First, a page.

Back in July of this year a firm called Mortgage Resolution Partners roiled the waters in the world of loan servicing by threatening to use eminent domain to take control of underwater mortgages. In simple terms, the state, town or other jurisdiction would seize the mortgage and compensate investors based on some determination of fair value. The group even predicted other companies may follow them and take the plan national, according to media reports.
I have friends and colleagues who support this, but after consideration have decided that I must oppose the approach as currently framed.
First and foremost, as a banker who is trying to convince investors to return to private label production, advocating the arbitrary taking of existing mortgages is probably not a good idea. Let me walk through some objections to the MRP proposal that, speaking as a banker, seem obvious to anyone who works in the financial world.
The first key objection to the MRP proposal is the selective application. MRP was very clever to pick private label residential mortgage backed securities owned by investors as the place to start. As I have noted in past comments, investors have no mechanism to fight this in court, especially after losing out to the loan servicers and the 50-state robo-signing settlement. Banks and the GSEs, on the other hand, would fight the MRP like demons from hell. I hear that MRP is trying to tweak its proposal to go after the banks and GSEs, but this will lead to nuclear war in the courts. The PLS investors are easier targets.
Second on the list of differences is valuation. MRP made a big mistake, in my view, by proposing seizures of notes at 80% of "fair value." This discount is creating an extraordinary private profit associated with public need at the expense of another private party – namely RMBS investors. The excessive spread in the MRP proposal just makes my point about the continuous, public rape of owners of private label mortgage securities. The assault starts with billions stolen from RMBS trusts by the large bank servicers and goes on to the 50-state robosigning settlement led by CA AG Kamala Harris, who extorted double digit billions from investors and banks.
If states assisted by MRP executed eminent domain seizures at 97% of fair value, on the other hand, the sovereign entities would be working for the normal market profit margins of GNMA originators, which are still start in high single digits. This level of spread would probably be OK in terms of balancing the public good with the private sector interest. There is no question that a problem exists with under water mortgages, just a question as to how or even whether we can craft a solution that does not do violence to the law and investor rights.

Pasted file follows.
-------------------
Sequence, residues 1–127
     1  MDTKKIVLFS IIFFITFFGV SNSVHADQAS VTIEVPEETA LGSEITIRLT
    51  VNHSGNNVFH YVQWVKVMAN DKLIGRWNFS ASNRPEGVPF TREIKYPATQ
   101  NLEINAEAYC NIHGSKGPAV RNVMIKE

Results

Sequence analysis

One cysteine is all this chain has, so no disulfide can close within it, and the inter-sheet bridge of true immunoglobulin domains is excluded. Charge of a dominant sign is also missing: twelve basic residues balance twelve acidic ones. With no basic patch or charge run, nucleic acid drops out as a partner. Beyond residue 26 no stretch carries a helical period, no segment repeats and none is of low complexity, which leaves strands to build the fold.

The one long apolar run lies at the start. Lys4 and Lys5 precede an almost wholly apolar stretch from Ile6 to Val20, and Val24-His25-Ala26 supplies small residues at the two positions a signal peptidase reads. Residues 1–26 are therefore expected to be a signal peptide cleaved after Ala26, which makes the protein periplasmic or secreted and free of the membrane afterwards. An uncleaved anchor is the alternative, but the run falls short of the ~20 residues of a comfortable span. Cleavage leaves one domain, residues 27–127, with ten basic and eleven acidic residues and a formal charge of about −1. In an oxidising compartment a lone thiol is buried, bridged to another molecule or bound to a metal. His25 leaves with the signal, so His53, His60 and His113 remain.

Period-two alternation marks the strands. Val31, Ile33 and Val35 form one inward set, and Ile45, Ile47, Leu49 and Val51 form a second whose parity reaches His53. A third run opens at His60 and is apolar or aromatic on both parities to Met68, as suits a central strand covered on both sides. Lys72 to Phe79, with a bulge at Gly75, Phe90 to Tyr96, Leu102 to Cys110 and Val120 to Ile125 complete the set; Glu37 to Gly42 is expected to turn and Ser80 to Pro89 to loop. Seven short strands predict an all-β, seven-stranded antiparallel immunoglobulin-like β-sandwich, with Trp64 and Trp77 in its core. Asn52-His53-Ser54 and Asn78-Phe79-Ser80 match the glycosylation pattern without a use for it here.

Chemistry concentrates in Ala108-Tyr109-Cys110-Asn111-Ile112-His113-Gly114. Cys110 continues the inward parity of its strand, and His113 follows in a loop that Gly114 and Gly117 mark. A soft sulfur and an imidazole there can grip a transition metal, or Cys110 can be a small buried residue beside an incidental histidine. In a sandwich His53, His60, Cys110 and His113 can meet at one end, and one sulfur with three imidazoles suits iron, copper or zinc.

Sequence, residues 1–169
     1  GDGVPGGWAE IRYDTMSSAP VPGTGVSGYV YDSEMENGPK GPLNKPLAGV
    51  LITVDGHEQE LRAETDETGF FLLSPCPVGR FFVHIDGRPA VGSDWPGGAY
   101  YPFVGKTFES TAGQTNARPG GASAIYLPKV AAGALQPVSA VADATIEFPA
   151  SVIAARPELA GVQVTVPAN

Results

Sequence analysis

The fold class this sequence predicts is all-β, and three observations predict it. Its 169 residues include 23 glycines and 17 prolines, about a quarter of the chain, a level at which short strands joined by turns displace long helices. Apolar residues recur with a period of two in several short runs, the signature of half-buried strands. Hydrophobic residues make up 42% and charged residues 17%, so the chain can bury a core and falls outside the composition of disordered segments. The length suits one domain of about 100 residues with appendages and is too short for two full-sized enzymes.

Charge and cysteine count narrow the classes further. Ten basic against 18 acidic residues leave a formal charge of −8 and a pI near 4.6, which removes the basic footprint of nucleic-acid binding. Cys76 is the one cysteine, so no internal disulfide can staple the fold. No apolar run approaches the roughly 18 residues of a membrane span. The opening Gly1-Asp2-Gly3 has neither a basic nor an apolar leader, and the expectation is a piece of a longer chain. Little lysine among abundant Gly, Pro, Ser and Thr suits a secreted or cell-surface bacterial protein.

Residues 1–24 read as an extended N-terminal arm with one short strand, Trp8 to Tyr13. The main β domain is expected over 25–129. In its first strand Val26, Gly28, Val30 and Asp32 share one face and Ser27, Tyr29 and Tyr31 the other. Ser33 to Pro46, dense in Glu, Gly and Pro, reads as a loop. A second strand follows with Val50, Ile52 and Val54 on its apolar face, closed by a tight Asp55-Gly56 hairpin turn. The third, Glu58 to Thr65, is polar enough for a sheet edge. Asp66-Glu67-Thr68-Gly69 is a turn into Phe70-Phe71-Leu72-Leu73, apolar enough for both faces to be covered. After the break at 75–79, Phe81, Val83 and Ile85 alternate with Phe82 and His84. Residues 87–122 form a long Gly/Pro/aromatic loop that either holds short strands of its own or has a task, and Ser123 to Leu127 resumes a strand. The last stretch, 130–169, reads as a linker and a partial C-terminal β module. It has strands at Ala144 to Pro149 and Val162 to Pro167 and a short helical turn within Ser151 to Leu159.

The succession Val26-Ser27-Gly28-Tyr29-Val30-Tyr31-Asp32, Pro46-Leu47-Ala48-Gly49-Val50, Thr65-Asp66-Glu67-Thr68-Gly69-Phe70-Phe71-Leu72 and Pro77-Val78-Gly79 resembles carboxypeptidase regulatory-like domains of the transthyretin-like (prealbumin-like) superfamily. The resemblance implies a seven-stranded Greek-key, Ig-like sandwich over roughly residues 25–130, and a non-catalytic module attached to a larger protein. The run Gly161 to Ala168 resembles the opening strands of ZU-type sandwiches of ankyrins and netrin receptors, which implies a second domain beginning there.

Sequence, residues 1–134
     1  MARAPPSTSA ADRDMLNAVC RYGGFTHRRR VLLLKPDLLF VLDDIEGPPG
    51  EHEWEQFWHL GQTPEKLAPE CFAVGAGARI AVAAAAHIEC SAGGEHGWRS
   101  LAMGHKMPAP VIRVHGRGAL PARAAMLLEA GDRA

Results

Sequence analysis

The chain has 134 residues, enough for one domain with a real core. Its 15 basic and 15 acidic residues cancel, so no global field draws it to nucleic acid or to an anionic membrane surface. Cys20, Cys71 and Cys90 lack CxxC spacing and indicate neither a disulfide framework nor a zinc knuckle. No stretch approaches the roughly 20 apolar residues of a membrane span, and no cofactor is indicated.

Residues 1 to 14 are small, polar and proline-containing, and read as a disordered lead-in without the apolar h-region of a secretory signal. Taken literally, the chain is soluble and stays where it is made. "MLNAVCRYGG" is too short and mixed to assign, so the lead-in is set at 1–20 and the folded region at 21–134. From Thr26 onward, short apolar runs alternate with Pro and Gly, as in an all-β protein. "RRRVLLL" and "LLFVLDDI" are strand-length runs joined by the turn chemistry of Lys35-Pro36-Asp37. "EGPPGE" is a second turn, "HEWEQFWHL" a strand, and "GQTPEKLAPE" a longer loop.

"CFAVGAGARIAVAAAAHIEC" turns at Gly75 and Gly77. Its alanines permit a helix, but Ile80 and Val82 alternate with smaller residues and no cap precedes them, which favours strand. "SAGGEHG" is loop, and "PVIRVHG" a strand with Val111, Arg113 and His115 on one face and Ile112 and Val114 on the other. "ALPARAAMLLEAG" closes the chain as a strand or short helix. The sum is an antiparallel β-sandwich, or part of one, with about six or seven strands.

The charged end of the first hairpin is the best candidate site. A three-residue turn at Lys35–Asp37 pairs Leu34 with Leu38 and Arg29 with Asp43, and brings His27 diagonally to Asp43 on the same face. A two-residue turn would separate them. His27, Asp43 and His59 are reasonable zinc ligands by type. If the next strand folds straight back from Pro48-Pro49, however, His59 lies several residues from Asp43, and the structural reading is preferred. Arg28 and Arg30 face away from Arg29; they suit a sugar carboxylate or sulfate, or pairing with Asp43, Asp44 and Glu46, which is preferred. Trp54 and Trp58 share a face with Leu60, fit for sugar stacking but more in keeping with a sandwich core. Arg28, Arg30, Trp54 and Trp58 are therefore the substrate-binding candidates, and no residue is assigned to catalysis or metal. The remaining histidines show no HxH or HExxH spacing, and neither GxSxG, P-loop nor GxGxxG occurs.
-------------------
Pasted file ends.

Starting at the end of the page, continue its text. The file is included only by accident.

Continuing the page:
Third point is political regarding a default by a sovereign. Opponents of the MRP proposal such as SIFMA and the American Securitization Forum have made a big deal about the threat of "redlining" towns that seize notes from investors. This bluster is politically tone deaf. It would never be agreed to by FHA, VA, GNMA, FHFA and the GSEs, to name just some of the aggrieved federal agencies. But the more subtle point, one which I have made to the MRP team, is that it will be pretty nigh impossible to sell non-conforming loan production from any jurisdiction which goes down this road. An eminent domain seizure is the functional equivalent of a sovereign default.
Fourth point is that the old PLS market is dead a buried a long time ago. The MRP will not make it worse. As any wanderer in Zombie land knows, there is no such thing as "more dead." That said, there are signs of life in the world of non-conforming loan production, but of a sort that is much closer to the December 2010 Open Letter to US Regulators on National Loan Servicing Standards than the old private label model.
While it is 5 years since the last, large PLS deal was done, the servicers/trustees/bondholders have fought every attempt to fix some of the unintended consequences of those flawed deals. This is one reason why the MRP proposal, in order to have credibility, must target all underwater mortgages, bank-owned, GSE-guaranteed and investor-owned. And when the state or town seizes a first lien note owned by a bank, the collateral lien on the second mortgage, if any, is also eviscerated. Have we got your attention now?
The good thing about the MRP proposal, in my view, is that it will force a larger discussion about the very real crisis caused because millions of underwater mortgages are festering and will eventually default. Cities in California are suffering negative consequences resulting from the unwillingness/inability of the private label trusts, (and bank portfolios and GSEs to a lesser degree) to deal with massive numbers of underwater and delinquent borrowers. This is a real issue, a life and death issue in many communities. Hopefully this debate will enable legal and other changes that will allow us to deal with the issue of underwater mortgages in a fair and transparent way.
Christopher Whalen is a Senior Managing Director of Tangent Capital Partners in New York City. His opinions expressed above are his own.